The Fool​​

​​Fool dances a dance 
In a sleep in a dream,
Knows not where he'll go
Or where he has been.

They are tied to the oxen
And yoked to a plough,
Tied to each other
Through church
And a vow.
With a cross on a record
A cross on their heart,
What binds them together
Keeps them apart.

Fool he dances a dream
In our heart,
What binds us together
​Keeps us a part.


This is not a criticism of partnership but a statement of the loss of the Divine Masculine and Sacred Feminine expression within our relationships: the higher spiritual values.
 Institutionalised marriage was arranged during the middle ages by the Church of the time and the governments, to ensure the inheritance of wealth and property through the male line. It protected the power and wealth of the nobility and those with influence, and had little or nothing to do with love or higher spiritual agendas. The higher spiritual power of sexuality has been suppressed and we have been prevented from knowing the truth regarding our divine nature.

The poem was channelled from the authors of the image.

The image shows a young woman and a man who are tied together and simultaneously being forced apart by a jester character above them.  They are attached to a plough behind them and to two oxen infront.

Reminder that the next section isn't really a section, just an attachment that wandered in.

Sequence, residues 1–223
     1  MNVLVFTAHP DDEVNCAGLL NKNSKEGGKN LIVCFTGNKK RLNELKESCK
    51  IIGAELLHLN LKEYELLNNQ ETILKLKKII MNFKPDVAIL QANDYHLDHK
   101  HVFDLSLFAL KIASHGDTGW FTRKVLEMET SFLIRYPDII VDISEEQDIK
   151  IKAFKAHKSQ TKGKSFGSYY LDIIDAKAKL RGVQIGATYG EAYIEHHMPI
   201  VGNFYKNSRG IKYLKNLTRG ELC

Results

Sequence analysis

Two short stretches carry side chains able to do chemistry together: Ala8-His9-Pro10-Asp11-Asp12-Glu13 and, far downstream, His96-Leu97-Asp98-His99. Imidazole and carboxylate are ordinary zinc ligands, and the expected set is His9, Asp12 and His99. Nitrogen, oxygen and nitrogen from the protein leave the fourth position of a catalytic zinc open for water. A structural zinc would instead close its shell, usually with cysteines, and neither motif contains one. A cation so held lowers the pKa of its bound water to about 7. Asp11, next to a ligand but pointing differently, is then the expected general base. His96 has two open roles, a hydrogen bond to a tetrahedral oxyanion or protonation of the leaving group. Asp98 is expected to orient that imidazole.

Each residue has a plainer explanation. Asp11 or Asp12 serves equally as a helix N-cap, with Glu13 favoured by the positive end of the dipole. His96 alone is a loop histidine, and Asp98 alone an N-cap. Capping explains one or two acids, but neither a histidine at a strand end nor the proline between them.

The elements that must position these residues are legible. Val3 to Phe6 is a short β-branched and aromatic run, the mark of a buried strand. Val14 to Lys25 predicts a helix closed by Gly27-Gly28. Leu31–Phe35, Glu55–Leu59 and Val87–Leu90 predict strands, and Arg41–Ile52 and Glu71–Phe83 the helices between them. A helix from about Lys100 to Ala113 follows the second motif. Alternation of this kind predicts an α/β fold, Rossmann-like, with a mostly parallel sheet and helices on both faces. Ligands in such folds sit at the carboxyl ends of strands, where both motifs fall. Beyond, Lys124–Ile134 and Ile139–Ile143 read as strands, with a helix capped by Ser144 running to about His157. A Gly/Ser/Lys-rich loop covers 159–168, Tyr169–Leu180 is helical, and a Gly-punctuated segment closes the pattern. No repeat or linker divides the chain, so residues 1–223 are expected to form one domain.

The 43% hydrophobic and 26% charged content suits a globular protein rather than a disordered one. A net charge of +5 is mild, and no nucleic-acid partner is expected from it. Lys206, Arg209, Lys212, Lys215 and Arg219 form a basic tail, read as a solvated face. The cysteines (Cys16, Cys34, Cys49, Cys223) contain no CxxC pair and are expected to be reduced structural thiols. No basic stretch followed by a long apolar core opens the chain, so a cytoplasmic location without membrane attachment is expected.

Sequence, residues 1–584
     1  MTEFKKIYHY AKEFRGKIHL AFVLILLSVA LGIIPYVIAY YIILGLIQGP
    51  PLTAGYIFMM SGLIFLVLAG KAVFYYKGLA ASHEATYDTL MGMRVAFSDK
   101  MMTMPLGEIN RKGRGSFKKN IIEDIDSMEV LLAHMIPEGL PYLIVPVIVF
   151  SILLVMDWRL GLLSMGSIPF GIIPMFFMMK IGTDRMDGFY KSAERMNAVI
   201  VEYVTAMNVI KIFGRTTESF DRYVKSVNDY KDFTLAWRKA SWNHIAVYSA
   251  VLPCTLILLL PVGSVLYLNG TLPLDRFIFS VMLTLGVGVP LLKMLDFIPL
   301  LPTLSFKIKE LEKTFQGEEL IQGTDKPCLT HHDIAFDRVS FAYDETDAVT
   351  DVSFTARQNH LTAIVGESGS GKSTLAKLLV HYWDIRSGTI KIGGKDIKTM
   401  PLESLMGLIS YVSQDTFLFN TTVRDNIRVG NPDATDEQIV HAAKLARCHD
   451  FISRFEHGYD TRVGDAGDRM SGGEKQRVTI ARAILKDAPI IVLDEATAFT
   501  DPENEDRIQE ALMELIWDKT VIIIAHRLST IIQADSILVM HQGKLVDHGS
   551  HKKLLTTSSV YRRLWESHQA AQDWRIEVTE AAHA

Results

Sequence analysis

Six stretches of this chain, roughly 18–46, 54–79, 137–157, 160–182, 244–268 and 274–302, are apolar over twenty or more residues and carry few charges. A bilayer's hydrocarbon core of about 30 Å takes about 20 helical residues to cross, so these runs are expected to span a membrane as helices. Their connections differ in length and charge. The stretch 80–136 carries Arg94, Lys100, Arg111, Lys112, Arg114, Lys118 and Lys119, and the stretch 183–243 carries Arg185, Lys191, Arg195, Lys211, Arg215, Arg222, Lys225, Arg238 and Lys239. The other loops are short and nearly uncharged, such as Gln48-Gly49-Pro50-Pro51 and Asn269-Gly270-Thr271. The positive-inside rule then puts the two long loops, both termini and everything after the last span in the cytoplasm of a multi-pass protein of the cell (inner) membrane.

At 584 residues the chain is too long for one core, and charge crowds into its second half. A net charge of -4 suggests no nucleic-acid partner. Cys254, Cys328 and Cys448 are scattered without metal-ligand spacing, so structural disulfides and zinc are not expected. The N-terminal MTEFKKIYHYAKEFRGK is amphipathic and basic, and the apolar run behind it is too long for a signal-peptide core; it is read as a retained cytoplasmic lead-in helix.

The man has two faces - the middle one doubles up as the Fool's foot. His expression suggests on one hand possession and obsession, and on the other bewilderment as the Fool's 'foot' forces them apart. The Fool represents unconsciousness.
There is a heart shape on the man's chest with a cross in it indicating a closed heart and a loveless match. I am also seeing that the shape of the man's chest represents a carriage compartment, and if you look carefully there is a small face in the back which is looking backwards (regressive). My instinct is that this is a priest. The woman appears ghost-like and empty. There is a flower growing behind them - a caricature of her feminine power. The 'whip' or vine figure on the plough represents dead feminine energy or death. The vine is wrapped around the young woman's ankles and is stopping her from moving forward, yet the oxen at the front are pulling them on. The only outcome is obvious and also suggests the forthcoming demise of this kind of institutionalised relationship.


The photo was one of several I took on 20th Nov 2016 when testing a Sony camera I had bought. I didn't actually see the medieval scene until 3 weeks later. The image is a bit blurred when enlarged, but still visible.
Can you see where the cropped image came from?